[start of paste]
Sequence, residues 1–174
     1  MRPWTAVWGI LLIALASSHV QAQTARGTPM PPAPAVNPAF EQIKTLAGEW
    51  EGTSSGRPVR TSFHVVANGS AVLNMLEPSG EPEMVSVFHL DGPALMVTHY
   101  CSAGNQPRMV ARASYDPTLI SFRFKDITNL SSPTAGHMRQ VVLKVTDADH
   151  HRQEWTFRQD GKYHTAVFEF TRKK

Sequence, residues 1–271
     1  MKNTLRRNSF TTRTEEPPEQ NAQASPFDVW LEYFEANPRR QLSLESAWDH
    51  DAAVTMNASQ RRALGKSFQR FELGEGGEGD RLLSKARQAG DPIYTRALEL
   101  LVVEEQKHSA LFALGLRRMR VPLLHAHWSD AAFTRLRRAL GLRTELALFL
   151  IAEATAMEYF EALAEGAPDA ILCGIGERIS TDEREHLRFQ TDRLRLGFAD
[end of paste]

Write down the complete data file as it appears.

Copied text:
Sequence, residues 1–174
     1  MRPWTAVWGI LLIALASSHV QAQTARGTPM PPAPAVNPAF EQIKTLAGEW
    51  EGTSSGRPVR TSFHVVANGS AVLNMLEPSG EPEMVSVFHL DGPALMVTHY
   101  CSAGNQPRMV ARASYDPTLI SFRFKDITNL SSPTAGHMRQ VVLKVTDADH
   151  HRQEWTFRQD GKYHTAVFEF TRKK

Sequence, residues 1–271
     1  MKNTLRRNSF TTRTEEPPEQ NAQASPFDVW LEYFEANPRR QLSLESAWDH
    51  DAAVTMNASQ RRALGKSFQR FELGEGGEGD RLLSKARQAG DPIYTRALEL
   101  LVVEEQKHSA LFALGLRRMR VPLLHAHWSD AAFTRLRRAL GLRTELALFL
   151  IAEATAMEYF EALAEGAPDA ILCGIGERIS TDEREHLRFQ TDRLRLGFAD